: Charlotte M. Wilson was an English Fabian and anarchist who co-founded Freedom newspaper in 1886 with Peter Kropotkin, and edited, published, and largely financed it during its first decade. She remained editor of Freedom until 1895. Born Charlotte Mary Martin, she was the daughter of a well-to-do physician, Robert Spencer Martin. She was educated at Newnham College at Cambridge University. She married Arthur Wilson, a stockbroker, and the couple moved to London. Charlotte Wilson joined the Fabian Society in 1884 and soon joined its Executive Committee. At the same time she founded an informal political study group for 'advanced' thinkers, known as the Hampstead Historic Club (also known as the Karl Marx Society or The Proudhon Society). This met in her former early 17th century farmhouse, called Wyldes, on the edge of Hampstead Heath. No records of the club survive but there are references to it in the memoirs of several of those who attended. In her history of Wyldes Mrs Wilson records the names of some of those who visited the house, most of whom are known to have been present at Club meetings. They included Sidney Webb, George Bernard Shaw, Sydney Olivier, Annie Besant, Graham Wa... (From: Wikipedia.org.)
Socialism in Scandinavia
In an examination into the spread of Socialism in Scandinavia, Denmark must be considered first. This little, but politically active, country has special claims upon our attention, in view of the battle which is being fought with very unequal weapons between the two Socialist parties at present to be found there.
In Denmark, Socialism is as little free from schisms as in other countries. There it has reached the stage at which its speakers and writers declare for Reform or for Revolutionary Socialism. The leaders of the reform section, the now notorious "Central Committee" of the Social Democratic labor party, take their stand on the authoritarian Socialism of Marx, and prove themselves believers in despotism a la Marx. The revolutionary party, on the contrary, seem determined to combat authority and bureaucracy, whether in old forms or new. And the less tenable the old Socialism, with its admixture of Marxist State despotism, becomes, the greater the favor shown by the younger section to autonomy and revolution.
This conflict between the advocates of Socialist -form and the revolutionary Socialists began, there is no doubt, when Arbejderen ("The Worker") first appeared. That journal, which is still far too small for the work it has in hand, is the organ of the revolutionary party. Socialdemokraten, the organ of their opponents, had become omnipotent, and the natural consequence was that it became more than ever domineering and orthodox. But A Arbejderen appeared on the scene, and began to indulge in criticism extremely annoying to the Central Committee; and on the approach of the parliamentary elections the hostility was fanned into a white heat. The reformers were censured for having formed an alliance with the Liberal political groups, even for the avowed purpose of opposing the absolute Government that at present stands at the helm of State in Denmark-& Government which distinguishes itself by its numerous and unconstitutional measures, or, in other words, by its provisional laws which trample all justice under foot, and against which the Folketing, the House of Parliament elected by the people, moms powerless. In this compromise the revolutionary party felt there was something doubtful and discreditable.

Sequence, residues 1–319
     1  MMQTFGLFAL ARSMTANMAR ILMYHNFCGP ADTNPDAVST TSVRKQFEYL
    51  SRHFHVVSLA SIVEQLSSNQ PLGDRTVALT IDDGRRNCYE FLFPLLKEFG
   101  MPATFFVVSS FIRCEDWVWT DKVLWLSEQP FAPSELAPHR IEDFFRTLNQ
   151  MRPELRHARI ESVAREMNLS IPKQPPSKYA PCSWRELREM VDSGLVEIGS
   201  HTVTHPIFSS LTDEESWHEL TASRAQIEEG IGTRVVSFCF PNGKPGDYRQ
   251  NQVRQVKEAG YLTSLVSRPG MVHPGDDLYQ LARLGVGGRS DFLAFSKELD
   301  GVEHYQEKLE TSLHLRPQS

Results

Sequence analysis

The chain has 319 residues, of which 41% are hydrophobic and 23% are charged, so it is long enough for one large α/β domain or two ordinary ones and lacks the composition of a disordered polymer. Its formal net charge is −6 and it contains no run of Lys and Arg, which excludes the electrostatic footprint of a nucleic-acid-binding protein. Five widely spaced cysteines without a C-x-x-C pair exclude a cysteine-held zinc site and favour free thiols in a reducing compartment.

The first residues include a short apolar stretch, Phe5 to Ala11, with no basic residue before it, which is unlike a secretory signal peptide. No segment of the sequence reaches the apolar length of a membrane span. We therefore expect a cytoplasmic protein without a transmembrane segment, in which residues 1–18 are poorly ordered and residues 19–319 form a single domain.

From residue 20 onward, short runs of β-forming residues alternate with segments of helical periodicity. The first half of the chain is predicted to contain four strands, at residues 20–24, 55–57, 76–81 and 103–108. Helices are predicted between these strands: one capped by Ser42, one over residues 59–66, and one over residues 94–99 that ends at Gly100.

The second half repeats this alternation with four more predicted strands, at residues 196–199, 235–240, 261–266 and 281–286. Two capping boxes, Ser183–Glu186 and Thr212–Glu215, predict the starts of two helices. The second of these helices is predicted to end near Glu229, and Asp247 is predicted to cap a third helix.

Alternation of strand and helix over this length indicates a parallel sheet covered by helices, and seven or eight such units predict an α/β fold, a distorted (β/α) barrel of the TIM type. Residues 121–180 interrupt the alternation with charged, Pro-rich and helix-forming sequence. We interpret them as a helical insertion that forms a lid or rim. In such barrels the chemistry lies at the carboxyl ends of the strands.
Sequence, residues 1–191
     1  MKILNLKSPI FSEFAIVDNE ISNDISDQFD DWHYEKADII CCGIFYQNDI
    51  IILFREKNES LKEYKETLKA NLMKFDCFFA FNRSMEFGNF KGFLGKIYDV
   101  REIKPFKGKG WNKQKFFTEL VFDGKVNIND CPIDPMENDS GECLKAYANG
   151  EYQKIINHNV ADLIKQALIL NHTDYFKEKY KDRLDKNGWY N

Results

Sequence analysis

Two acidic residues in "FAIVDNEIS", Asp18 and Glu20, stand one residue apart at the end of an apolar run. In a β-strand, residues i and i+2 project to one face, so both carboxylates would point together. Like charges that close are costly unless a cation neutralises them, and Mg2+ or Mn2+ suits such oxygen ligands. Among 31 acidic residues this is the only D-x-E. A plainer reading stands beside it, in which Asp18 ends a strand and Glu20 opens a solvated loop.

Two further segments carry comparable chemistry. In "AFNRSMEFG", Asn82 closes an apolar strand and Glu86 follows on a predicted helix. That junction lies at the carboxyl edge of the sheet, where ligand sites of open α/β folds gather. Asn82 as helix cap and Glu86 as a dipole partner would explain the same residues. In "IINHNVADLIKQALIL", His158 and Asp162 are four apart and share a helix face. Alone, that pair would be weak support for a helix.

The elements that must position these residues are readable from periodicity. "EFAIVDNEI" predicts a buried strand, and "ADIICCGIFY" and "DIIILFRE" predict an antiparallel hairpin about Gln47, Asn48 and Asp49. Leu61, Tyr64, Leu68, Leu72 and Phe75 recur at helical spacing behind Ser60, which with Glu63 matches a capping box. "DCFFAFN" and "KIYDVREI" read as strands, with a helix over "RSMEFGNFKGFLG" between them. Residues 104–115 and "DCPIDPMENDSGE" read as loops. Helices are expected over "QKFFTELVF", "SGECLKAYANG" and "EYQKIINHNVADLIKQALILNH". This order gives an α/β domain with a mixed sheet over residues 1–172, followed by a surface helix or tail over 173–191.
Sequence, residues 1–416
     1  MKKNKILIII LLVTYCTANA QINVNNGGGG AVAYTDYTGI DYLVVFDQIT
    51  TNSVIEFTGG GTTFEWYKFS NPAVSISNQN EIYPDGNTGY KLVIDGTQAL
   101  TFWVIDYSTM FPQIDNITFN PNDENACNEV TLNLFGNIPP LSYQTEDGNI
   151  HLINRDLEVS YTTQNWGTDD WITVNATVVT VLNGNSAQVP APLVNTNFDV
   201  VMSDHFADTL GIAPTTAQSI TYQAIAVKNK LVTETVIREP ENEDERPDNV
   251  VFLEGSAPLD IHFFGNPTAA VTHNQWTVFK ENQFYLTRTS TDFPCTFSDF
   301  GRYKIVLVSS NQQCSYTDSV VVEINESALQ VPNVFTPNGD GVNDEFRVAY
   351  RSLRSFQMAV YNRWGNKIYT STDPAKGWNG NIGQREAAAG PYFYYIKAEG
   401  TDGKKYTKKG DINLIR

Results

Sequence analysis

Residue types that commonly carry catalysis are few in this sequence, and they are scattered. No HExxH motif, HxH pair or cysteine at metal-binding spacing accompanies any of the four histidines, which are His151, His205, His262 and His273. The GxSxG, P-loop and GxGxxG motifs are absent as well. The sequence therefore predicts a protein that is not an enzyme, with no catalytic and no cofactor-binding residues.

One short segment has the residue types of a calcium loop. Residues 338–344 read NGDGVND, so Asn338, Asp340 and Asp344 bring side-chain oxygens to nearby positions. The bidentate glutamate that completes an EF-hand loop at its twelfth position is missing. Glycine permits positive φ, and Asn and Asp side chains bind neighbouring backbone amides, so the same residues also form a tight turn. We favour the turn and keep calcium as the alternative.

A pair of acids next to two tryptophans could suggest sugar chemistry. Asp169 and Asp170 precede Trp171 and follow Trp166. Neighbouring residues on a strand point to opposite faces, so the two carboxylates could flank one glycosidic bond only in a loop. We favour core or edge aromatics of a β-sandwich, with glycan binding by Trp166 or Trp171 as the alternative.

In the numerous public meetings hold, principally in Copenhagen, to consider "the work of the Rigsdag last session," the views unfavorable to the Central Committee took well-defined form. At last the revolutionists could no longer work with the reform party, as the Central Committee time after time outraged freedom of thought and speech, plotted against, slandered, and in due time persecuted, "the opposition," that is, the leading- men in the revolutionary camp, among whom may be specially mentioned Gerson Trier and A. Petersen. Totally forgetting the high mission of Socialism, the Central Committee employed the most jesuitical means to preserve the semblance of honorableness, which every honest Socialist regarded as lost to it forever. Its spirit can best be judged by the following words, which one of its leaders, Hordum, let escape him at a certain public meeting;-"In heaven's name let the revolutionists make as much opposition as they please in their own groups. They have nothing to do with our meetings and bad better take care they are not chucked out so fine a day.- Let this sort of thing go on, and Anarchism, in its serious sense, will soon make its appearance in the capital of Denmark."
It is quite certain that the Central Committee has suffered a severs, moral defeat, and its position will by no means be retrieved by the circular which, for the purpose of explanation, it issued and circulated at home and abroad.